Where would you place then in the pack?
Towards the end of the presentation. On an hours presentation I would have two: one about half way through so I could get back on track if I was already running long or short and then one about 10 or 15 minutes from the end.
How would you use it?
You must choose something that can be interpreted in two ways. Here’s an example. Imagine I am presenting about the future of business development in the law (which I do by the way) and I have reached the last 10 to 15 minutes of the presentation when up comes a screen with two pictures on: one is of a man fishing from a boat and the other is a huge automated trawler: -
- Short of time: “so before I move to the last part of my presentation let me just recap what I have been talking about for the last 50 minutes. On the left we have how law firms have traditionally tackled BD and on the right we see how the new law companies are dealing with the challenge. Is it time to send out for some new and used trawler catalogues I wonder? Well let’s move on and find out.”
- Long on time: “So let me recap [I then explain why the fisherman is like the traditional law firm and the trawler is like the new breed - I then ask for comments".
I can make the difference in these two about 10 minutes!
What other examples can you use?
For a start you can have some audience participation. If it's a small group go round the room and see what has resonated so far with each person. For larger groups you can pose a question and ask for an answer or invite somebody up to partake in a demonstration or Q&A session with you.
You can display a graph or chart and either summarise what it tells you or explain the detail behind it.
You can have a list which is slowly and automatically displayed behind you whilst you speak and then refer to the them as examples. "These are some of the ways we can engage new clients. My favourites are [and then discuss as many as you need to fill the time]“.
Have an anecdote or case study prepared and memorised and when you have presented a screen full of information say “Let me illustrate what I have just told you with a real-life story” if you need to fill time or leave it out if you don’t.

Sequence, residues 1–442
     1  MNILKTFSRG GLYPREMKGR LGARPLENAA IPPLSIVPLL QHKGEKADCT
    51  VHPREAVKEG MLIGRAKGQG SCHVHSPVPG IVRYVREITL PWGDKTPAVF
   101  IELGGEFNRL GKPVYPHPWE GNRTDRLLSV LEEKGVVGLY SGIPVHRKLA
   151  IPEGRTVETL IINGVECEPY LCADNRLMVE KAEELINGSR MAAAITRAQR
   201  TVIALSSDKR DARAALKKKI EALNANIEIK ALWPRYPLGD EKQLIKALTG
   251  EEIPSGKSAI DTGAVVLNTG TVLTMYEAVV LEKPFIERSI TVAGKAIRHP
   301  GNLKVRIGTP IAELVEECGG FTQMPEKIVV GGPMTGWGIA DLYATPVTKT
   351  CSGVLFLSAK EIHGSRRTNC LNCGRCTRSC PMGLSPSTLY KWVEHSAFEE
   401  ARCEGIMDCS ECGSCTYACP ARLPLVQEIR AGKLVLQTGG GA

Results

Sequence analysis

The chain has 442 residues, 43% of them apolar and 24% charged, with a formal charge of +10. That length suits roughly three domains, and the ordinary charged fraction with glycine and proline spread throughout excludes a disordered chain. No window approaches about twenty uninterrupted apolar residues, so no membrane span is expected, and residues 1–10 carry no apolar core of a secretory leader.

One last tip for the presenter eager to look more professional.
It’s better to prepare a 45 minute presentation to be delivered in an hour’s slot and fill the extra 15 minutes (which you will probably use up anyway) with some Flex screens than it is to time your presentation to fill an hour and then run over.
Crammed and rushed presentations NEVER make you look good and are rarely engaging for the audience.
Doesn’t matter what you buy a surly shop assistant will make the buying experience an unhappy one.
Even if your lawyer gets the result you want you won’t feel good about the deal if they constantly failed to return your calls.
The electrician may have fixed the problem but you’re unhappy because he left a mess behind him.
Your accountant did your books OK but she never smiled once during the whole time you were with her.
We can get good products and services anywhere these days but the thing that keeps us coming back for more and compels us to tell our friends they should do the same is based largely upon how the experience made us feel.
Just delivering the required result isn’t enough any more – the experience has to be fulfilling too.
How fulfilled do you leave your clients when you’ve done with them I wonder?
Some years ago a tractor manufacturer decided to stop making tractors in England and move their production to South America because it was cheaper. What followed was a little weird. Those third world countries who bought the tractors because they were made in England realised they could build tractors every bit as well as people in South America. So they turned up in the UK, bought all the redundant tractor-making machinery, went back to where they had come from and built their own tractors. But why?